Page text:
As a pastor, I will not officiate a wedding unless the couple has participated in premarital counseling with me. For some couples, premarital counseling is a chance to strengthen a relationship that is already healthy and strong. It is preventative preparation for married life. For other couples premarital counseling provides the opportunity to dig deeper into already known issues or areas of disagreement. And lastly, for some couples it is an opportunity to “pull back the curtain” in order to reveal some serious issues related to character, beliefs or values.
I believe the single most important factor that determines the success of your marriage is what kind of person you are.
The following are a series of questions that I ask each person to answer about themselves and their partner:
- Do I or my partner usually look for shortcuts or the easiest path or are we both more interested in doing what is right?
- Am I or my partner regularly controlled or ruled by our emotions or by our character?
- Am I or my partner controlled by moods or by our values and priorities?
- Do I or my partner expect each other or others to cater to us or do we consistently think of others first?
- Do I or my partner look for excuses more than we look for solutions?
- Am I or my partner prone to give up, quit or not follow through or are we resilient and known to finish what we started?
- Do I or my partner complain much more frequently than we express gratitude?
I have worked with many married couples in crisis over the years where one partner could have avoided an immense amount of pain, disillusionment and disappointment by honestly considering these questions.
Another important benefit of pre-marital counseling is to help couples develop or readjust their expectations for marriage. Almost all couples have some type of unrealistic expectations when it comes to marriage. These sometimes can be referred to as “myths of marriage.” These “myths” come from a variety of sources. They may come from our own parents, our friends, the culture, media or even from the church.
It is important to help couples realize that walking down the aisle doesn’t involve an automatic transfer of need fulfillment. Even after marriage, each person must take personal responsibility for their needs. Of course, in a healthy marriage couples will want to meet each other’s needs. The problem is when couples give away or demand the other take full responsibility.
A common theme for marriages in crisis is that at some point each spouse began to view the other as not only the source of their problems but the only solution.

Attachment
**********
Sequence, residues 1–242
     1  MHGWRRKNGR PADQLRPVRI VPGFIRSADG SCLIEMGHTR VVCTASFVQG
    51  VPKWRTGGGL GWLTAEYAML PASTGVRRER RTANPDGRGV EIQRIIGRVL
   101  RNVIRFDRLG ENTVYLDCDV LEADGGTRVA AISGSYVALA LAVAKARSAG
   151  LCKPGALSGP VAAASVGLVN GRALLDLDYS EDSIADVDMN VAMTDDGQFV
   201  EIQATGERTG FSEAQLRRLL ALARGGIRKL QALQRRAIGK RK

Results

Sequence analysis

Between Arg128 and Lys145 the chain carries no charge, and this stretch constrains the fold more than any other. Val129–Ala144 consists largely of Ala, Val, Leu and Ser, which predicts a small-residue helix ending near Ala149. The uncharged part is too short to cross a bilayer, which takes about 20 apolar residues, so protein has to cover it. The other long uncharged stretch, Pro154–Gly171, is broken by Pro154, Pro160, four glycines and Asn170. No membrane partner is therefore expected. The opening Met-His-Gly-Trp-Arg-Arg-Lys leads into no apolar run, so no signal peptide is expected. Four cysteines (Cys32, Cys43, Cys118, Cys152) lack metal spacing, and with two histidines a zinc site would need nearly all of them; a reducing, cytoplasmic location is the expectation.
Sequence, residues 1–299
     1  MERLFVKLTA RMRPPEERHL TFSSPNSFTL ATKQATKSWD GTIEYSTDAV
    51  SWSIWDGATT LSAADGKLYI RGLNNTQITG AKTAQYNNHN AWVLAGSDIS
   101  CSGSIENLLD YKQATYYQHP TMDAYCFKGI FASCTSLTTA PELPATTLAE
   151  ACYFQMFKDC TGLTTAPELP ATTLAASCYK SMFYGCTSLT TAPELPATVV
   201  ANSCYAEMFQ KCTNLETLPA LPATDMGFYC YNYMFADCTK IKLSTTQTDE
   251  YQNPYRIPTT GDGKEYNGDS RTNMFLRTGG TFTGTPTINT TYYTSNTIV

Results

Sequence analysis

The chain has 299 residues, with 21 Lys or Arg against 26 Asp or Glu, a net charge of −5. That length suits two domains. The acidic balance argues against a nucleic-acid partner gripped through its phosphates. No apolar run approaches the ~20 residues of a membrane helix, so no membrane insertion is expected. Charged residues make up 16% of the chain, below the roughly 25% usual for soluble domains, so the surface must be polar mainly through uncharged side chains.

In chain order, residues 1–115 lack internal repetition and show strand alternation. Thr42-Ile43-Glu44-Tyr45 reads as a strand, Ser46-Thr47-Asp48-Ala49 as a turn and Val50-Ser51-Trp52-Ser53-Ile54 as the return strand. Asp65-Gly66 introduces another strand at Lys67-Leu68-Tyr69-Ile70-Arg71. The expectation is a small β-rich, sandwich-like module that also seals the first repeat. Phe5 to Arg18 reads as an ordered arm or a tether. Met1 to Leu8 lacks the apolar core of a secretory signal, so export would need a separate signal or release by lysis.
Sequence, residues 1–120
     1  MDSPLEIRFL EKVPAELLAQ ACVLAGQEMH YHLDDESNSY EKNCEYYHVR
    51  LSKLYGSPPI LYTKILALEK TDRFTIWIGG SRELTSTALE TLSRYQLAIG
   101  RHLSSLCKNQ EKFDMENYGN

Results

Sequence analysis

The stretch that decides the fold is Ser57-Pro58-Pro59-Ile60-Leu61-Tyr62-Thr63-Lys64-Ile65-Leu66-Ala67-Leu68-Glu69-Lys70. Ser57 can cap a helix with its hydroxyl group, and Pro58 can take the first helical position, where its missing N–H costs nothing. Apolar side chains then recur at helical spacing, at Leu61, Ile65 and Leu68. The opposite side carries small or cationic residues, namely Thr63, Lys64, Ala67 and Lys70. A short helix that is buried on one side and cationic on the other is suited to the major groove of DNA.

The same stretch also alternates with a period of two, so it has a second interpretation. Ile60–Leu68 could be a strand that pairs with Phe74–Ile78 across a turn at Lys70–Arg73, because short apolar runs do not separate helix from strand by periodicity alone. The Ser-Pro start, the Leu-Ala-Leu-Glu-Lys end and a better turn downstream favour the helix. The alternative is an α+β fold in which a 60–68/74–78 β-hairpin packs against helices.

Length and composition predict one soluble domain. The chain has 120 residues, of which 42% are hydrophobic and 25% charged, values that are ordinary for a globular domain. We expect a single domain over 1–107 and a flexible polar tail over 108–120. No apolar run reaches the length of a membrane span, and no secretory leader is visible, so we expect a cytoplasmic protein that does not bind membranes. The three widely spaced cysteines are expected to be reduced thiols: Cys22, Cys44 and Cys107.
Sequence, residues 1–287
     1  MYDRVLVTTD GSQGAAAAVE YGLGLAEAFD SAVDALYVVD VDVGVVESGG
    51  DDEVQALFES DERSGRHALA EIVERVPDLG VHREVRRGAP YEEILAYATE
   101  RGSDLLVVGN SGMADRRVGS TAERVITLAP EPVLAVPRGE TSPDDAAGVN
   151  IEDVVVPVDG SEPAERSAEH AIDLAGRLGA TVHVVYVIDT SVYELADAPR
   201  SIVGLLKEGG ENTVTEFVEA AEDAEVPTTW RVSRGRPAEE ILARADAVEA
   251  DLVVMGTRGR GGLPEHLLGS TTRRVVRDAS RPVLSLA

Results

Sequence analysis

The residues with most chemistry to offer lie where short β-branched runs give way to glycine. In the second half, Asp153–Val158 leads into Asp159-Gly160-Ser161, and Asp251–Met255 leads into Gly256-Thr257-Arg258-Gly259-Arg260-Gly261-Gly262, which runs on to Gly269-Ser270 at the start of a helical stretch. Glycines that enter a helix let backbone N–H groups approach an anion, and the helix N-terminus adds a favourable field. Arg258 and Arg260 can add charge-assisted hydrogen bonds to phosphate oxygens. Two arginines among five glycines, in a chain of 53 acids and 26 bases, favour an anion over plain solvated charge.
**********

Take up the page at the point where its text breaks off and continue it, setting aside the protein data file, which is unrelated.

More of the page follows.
I can’t count how many times over the years I’ve heard, “he or she isn’t who I thought they were when we got married.” One reason for this is that couples don’t take into account that their dating experience isn’t reality. The whole point of dating is trying to win the other person’s heart. This pursuit often does not lead to transparency. The typical dating experience is about being and showing only the best in yourself. Adding to this is that couples fail to take into account the full picture. Emphasis is placed on feelings of love, playing up your partner’s qualities that you like and downplaying the ones you don’t.
How premarital counseling can help?
Premarital counseling is instrumental in getting both parties to take into account all the differences in personality, experiences, backgrounds and expectations. I place a high priority on couples honestly facing and acknowledging their differences. I want couples to know that the differences they overlook or find “cute” now will likely become annoying very quickly after the wedding.
Premarital counseling is a time to begin teaching couples how to accept and enjoy their differences, understand and accept their weaknesses and encourage each other’s strengths.
I am reminded of this quote about marriage, “A woman marries a man thinking she can change him and a man marries a woman thinking she will never change.”
Premarital counseling is essential in introducing the idea that the ultimate goal of marriage is not happiness. Should we expect marriage to bring us happiness? Absolutely, we should. However, if a couple makes happiness the ultimate goal then it will inevitably set them up for failure. That belief overlooks the fact that a good marriage requires hard work. Many couples make the mistake of believing the fallacy that a good marriage is effortless. If it isn’t effortless then these couples believe something is wrong which can quickly become someone is wrong. A good marriage requires taking personal responsibility for our own health – spiritually, physically, emotionally and mentally. This enables each partner to move toward the other in love from a place of security rather than neediness or desperation.